EARN HIGH SCHOOL CREDIT STUDENTS ARE REQUIRED TO PROVIDE THEIR OWN TRANSPORTATION. COSMETOLOGY (491403-class, 491409-work).1 Credit per semester Open to seniors Must meet Beauty School’s entry requirements (Tech Campus of DuPage, Addison) Course classification: 3 This is the first year course of a two year course sequence. (The student is responsible for enrolling for the second year course after completion of high school. Second year course costs are the student’s responsibility). There is a mandatory meeting required by the beauty school prior to enrollment. Students will be responsible for all supplies and additional costs for the first year course. See your counselor for further information.

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BUILDING CONSTRUCTION I (497103), (II-497203).........1 Credit per semester Open to juniors and seniors Prerequisite: Woods I and II Course classification: 3 Students will be involved in the building of a house and will get experience in different facets of the building trade. Class is held at a District 211 high school and at a construction site location. AUTOMOTIVES I (496103), (II-496203), (III-496303), (IV-496403)................................1/2 Credit per semester Open to juniors and seniors Prerequisite: none Course classification: 3 This course, offered at a district 211 high school, covers theory, operation and care of basic components of modern automobiles, engines and engine systems, drive trains, brakes, and suspensions. Students develop skills and understanding while applying theory to the practical application of working on autos.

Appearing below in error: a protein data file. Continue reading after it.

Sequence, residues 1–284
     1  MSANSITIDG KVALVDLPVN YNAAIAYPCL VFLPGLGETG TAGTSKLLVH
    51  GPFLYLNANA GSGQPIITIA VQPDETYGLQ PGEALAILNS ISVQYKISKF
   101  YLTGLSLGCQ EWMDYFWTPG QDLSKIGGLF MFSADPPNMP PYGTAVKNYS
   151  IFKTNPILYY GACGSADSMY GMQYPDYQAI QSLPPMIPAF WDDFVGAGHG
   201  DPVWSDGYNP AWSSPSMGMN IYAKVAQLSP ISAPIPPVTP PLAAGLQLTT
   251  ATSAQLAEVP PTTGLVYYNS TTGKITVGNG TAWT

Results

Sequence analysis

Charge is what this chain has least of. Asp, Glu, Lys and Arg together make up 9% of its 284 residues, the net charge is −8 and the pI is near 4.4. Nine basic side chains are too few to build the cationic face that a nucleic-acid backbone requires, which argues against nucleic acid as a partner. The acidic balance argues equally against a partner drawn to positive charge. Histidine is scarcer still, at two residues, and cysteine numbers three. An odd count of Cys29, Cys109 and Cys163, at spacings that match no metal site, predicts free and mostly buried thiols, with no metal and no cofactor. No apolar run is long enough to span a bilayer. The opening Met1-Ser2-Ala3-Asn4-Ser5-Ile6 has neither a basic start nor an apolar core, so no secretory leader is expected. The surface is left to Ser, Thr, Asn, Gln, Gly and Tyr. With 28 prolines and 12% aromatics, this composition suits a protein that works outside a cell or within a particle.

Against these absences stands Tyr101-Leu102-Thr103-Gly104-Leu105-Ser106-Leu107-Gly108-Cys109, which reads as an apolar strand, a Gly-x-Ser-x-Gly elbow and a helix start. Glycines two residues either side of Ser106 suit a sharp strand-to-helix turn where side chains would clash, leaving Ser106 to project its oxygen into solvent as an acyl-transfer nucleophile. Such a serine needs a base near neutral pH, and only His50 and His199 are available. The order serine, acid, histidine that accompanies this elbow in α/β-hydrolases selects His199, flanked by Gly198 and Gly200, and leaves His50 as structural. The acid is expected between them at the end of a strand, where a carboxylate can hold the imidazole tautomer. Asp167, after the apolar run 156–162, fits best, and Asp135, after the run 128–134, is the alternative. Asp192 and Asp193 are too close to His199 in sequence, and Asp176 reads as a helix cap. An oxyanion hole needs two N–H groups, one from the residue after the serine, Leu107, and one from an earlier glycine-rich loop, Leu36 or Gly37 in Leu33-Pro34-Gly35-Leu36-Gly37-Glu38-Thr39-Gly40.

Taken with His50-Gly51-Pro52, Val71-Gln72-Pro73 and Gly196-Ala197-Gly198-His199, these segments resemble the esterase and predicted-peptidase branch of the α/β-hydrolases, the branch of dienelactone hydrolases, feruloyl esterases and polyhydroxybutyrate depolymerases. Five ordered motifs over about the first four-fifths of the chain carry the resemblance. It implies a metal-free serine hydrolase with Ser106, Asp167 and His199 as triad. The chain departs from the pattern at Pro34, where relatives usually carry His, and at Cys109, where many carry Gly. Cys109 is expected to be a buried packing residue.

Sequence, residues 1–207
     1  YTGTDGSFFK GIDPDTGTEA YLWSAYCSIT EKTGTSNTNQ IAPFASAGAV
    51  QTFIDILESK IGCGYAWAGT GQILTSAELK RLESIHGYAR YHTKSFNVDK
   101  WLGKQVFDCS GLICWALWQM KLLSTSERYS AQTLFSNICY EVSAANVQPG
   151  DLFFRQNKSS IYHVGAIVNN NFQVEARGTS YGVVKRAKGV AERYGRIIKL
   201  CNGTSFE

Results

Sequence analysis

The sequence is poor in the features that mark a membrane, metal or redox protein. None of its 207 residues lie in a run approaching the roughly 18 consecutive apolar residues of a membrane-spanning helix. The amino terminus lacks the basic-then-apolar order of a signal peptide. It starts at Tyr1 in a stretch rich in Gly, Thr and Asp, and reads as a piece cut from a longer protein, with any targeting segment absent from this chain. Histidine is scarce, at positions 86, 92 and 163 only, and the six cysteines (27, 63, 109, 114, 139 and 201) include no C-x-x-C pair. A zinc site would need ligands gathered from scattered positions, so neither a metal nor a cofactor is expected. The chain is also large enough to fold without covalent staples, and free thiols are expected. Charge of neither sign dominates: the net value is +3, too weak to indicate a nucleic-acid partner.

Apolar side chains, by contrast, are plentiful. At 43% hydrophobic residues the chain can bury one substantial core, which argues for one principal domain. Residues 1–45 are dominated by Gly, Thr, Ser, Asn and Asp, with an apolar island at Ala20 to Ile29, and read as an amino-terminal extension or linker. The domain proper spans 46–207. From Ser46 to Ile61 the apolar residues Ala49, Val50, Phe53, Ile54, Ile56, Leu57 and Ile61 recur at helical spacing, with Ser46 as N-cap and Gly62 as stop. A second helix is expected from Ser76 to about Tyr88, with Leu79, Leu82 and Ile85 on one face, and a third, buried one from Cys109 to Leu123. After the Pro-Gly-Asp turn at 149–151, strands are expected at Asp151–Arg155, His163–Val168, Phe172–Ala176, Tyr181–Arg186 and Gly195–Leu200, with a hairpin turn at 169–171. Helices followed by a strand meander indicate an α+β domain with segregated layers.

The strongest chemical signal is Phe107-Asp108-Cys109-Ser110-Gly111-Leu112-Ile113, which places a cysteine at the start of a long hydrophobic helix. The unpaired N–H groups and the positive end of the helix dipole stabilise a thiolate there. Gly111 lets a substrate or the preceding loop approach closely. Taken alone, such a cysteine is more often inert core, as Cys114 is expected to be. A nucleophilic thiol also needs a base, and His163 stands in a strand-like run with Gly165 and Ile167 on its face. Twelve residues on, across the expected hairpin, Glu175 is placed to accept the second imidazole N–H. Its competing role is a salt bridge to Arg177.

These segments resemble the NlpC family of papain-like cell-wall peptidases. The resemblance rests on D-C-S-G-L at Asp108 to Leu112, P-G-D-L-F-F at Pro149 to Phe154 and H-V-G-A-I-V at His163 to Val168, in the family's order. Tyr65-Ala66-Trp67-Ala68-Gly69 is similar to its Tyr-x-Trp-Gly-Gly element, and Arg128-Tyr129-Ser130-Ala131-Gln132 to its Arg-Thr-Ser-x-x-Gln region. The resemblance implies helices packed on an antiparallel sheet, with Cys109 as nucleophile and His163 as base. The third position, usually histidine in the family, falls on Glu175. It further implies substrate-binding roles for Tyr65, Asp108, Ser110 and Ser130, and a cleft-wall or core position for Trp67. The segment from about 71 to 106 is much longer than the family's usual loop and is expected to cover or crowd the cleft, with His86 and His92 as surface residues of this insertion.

DUAL CREDIT CLASSES - HARPER COLLEGE

EARN HIGH SCHOOL CREDIT & HARPER COLLEGE CREDIT (ONE CLASS - BHS CREDIT & HARPER COLLEGE CREDIT) STUDENTS ARE REQUIRED TO PROVIDE THEIR OWN TRANSPORTATION This is an opportunity for high school students to get a jump-start on their college education. Students can take these courses at Harper College and earn both high school and Harper College semester hour credit. Students must meet Harper College program requirements. Students who enroll in Harper classes should be self-motivated and have good attendance records. ALL COURSES MEET AT HARPER COLLEGE INTRODUCTORY ELECTRONICS (497403) ............................. 1 Credit Open to juniors and seniors Prerequisite: math and reading assessment Course classification: 3 This course, provides an opportunity to explore the area of electronics as it relates to the growing field of electronic maintenance. The course introduces laboratory instruments, circuit components, basic measuring techniques and basic circuits used as building blocks in any electronic system. This course meets at Harper College. ELECTRONICS I (497413).........................................................1 Credit Open to juniors and seniors Prerequisite: Introductory Electronics Course classification: 3 This course, provides the second in a series of courses designed to allow students to enter the work force with a knowledge of electronic devices and maintenance. It examines industrial pneumatic and hydraulic controls and introduces fractional horsepower motors and programmable logic controllers, includes robotics. This course meets at Harper College. Class may meet in the evening.